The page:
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Thread: Planning a new allotment site by newbie

  1. #1
    Selymbria is offline Sprouter
    Join Date
    Apr 2018
    Kent / UK

    Default Planning a new allotment site by newbie

    Hi all,

    I have taken a neglected allotment site, I am told it is a 1/4 allotment approx. 65m2.

    I have planned the below layout and have few questions:

    - Shall I get a Shed or a GH? Shed or GH must be 6x4.
    - Are the things I planned compatible i.e. how would you have allocated the space to these veg?
    - What do you suggest I fill the beds with? I was advised to get mushroom compost.
    - Will I need polytunnels etc, I see quite a few people protected their crops with nets.

    Location is mid-Kent.

    MyWifesBrassicas likes this.

  2. #2
    veggiechicken's Avatar
    veggiechicken is offline Gardening Guru
    Join Date
    May 2006
    Sunshiny South Wales
    Blog Entries


    Congrats on your new plot!
    You want to grow a lot of veg that tend to do better in a GH or poly - toms, aubergines, peppers, melons. Choose your varieties carefully, to maximise your chances.

    Shed or GH is your choice really - GHs need regular attention in hot weather. Shed's for shelter, keeping tools .......
    A Chicken walks with small steps. Be more Chicken
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  3. #3
    bikermike is offline Cropper
    Join Date
    Nov 2017
    North London frontier


    How close is your plot to your house?
    what is the security like on the plot?

    I would generally think a greenhouse will be used for lots of things that need regular attention. I'm lucky enough to have space at home for a greenhouse and a shed on the plot.

    If you have space at home for you greenhouse I'd do that.

    The other drawback of a greenhouse on the plot is the lack of security in terms of broken panes (by accident or vandalism) and the fact it's not a secure place to keep things like tools out of sight. (this isn't to say a shed is super-secure, but it is a bit more secure).

    One compromise might be to put a tool chest inside the greenhouse (but you will end up finding it covered in seedlings when you want to put tools away).

  4. #4
    Snoop Puss's Avatar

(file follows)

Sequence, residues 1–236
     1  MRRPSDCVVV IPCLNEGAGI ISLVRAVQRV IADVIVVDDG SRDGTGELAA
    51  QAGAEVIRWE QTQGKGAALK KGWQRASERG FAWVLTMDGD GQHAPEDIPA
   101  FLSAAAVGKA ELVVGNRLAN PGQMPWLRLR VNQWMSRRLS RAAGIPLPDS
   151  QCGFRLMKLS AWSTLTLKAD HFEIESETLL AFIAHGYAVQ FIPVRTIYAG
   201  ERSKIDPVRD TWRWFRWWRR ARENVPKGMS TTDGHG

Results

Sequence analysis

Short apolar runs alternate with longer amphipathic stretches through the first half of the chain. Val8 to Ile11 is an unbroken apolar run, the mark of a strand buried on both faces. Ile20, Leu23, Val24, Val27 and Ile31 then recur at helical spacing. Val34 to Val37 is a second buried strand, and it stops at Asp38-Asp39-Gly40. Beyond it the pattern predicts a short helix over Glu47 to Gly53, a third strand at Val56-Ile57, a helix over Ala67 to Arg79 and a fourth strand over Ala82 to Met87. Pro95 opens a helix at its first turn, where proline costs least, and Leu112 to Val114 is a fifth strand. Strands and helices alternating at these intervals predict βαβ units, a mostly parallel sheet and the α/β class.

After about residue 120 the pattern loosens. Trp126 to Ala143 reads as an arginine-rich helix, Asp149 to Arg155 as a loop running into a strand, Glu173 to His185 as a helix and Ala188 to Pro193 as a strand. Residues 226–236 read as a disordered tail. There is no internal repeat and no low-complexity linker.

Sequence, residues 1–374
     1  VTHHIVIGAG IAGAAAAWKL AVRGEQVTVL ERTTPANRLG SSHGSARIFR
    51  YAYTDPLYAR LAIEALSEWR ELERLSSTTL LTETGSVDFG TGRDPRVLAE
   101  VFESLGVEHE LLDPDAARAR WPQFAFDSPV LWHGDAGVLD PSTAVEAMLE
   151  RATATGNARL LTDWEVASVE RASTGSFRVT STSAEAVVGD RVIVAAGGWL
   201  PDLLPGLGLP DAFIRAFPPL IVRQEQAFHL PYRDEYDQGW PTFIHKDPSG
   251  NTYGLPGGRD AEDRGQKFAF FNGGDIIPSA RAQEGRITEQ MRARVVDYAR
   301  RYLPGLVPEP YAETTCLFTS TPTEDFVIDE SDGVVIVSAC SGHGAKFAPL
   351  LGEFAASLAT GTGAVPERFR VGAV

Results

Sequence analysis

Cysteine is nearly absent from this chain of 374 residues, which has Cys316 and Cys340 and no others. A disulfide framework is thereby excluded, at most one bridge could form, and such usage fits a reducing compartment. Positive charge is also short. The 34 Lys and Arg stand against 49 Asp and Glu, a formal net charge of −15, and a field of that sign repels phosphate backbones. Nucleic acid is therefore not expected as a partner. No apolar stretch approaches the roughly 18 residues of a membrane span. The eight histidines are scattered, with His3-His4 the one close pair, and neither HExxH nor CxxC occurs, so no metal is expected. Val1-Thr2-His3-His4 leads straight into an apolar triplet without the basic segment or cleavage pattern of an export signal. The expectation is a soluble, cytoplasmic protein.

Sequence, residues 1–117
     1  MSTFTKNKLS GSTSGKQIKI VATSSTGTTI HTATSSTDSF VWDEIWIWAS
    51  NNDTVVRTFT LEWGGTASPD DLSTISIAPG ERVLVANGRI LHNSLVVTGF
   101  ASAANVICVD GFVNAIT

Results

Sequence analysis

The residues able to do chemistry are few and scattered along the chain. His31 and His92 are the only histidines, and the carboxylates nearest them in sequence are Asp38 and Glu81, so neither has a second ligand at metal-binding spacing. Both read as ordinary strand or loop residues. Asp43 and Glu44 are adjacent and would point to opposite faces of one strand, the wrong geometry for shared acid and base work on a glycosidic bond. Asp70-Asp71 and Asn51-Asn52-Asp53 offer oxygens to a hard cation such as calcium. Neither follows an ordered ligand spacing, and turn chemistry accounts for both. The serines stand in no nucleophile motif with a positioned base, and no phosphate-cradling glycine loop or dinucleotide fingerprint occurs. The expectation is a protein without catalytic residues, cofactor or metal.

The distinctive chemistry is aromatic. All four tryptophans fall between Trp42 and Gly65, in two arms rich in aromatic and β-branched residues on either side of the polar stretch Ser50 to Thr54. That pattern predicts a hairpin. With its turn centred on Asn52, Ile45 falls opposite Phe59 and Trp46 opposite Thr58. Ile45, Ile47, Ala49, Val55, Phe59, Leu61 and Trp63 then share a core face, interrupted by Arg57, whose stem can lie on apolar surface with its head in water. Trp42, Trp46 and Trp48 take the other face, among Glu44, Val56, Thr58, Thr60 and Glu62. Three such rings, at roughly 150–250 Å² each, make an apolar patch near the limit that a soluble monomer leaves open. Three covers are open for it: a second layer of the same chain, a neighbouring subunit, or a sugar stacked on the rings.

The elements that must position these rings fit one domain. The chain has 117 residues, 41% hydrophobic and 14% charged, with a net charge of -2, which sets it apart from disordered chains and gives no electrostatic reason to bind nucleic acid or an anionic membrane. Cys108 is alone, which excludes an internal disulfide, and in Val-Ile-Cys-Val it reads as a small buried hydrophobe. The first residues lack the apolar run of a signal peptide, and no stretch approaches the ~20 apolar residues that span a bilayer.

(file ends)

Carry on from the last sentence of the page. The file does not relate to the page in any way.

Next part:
Snoop Puss is offline Mature Fruiter
    Join Date
    Jun 2009
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    Hi, as VC says, congrats on getting your plot.

    Your plan looks OK to me apart from the apple trees, which are maybe a bit close. Other people more knowledgeable than me about apple trees might be able to comment more on that.

    Apart from the strawberries, I'm not sure that anything you're proposing to grow will need netting.

    My two questions are:

    How many courgette plants are you proposing to grow? They're very productive and you might find yourself with more courgettes than you can eat or even give away.

    And have you thought about what you might want to grow next year? The usual advice is avoid growing the same thing in the same spot two years running. Will you simply swap things over from one side of your plot to the other?

    Best wishes for a great growing year.
    Scarlet and Selymbria like this.
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  5. #5
    Thelma Sanders is offline Gardening Guru
    Join Date
    Feb 2011
    Willesborough, Kent


    Maybe the apples are cordon? but in any case I hope they won't shade the next plot too much, as that can cause friction with plot neighbours. Here we aren't allowed to grow anything taller than 7ft, so check your rules.
    The aubergines/tomatoes/peppers will be much better grown in a greenhouse or under tall plastic cloches, weather and blight make them difficult to grow uncovered.
    You could save ground space by growing your cucumbers up trellis or wigwams, with their tendrils they usually twine ok with just a little tying in.
    Tomato/pepper/aubergine/potato are all within the same vegetable family, so you can't grow these in the same beds next year, you'd need to move them all to the left-hand side.
    Good luck.
    Scarlet and Selymbria like this.

  6. #6
    Cadalot's Avatar
    Cadalot is offline Early Fruiter
    Join Date
    Nov 2015
    Sutton Surrey


    Beds are wide at 1500mm, I find it a stretch at 1200mm and I'm 5ft8" make sure paths are min 600 or measure from toe to knee when on the ground so that you don't have to plant at an angle which can be murder on the body.
    Snadger, Scarlet, Mr Bones and 2 others like this.

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  7. #7
    nickdub is offline Early Fruiter
    Join Date
    Jul 2017


    I've built myself a combined GH-Shed in one part of my garden - which has a shared wall and a connecting door - it makes good use of the space for me, and as I was using my own materials etc and building from scratch I was able to make it to fit the available space.
    Selymbria likes this.

  8. #8
    Snadger's Avatar
    Snadger is offline Dundiggin
    Join Date
    Aug 2006
    Durham. Pink Panther territory


    Hi and welcome to the vine.

    Your shed could be something like this:-

    Planning a new allotment site by newbie-modern-greenhouses.jpg

    It doesn't have to be an expensive bought one, I know, because I built a similar one out of scrap wood and windows.

    I agree with Cad about the beds width being to wide as the whole idea is you never walk on the beds and do all the planting etc from the paths.

    One other suggestion is that if you are adamant you want beds, don't put surrounds on them the first year as as sure as God made little apples you will change the bed positions the second year.
    My Majesty made for him a garden anew in order
    to present to him vegetables and all beautiful flowers.- Offerings of Thutmose III to Amon-Ra (1500 BCE)

    Diversify & prosper

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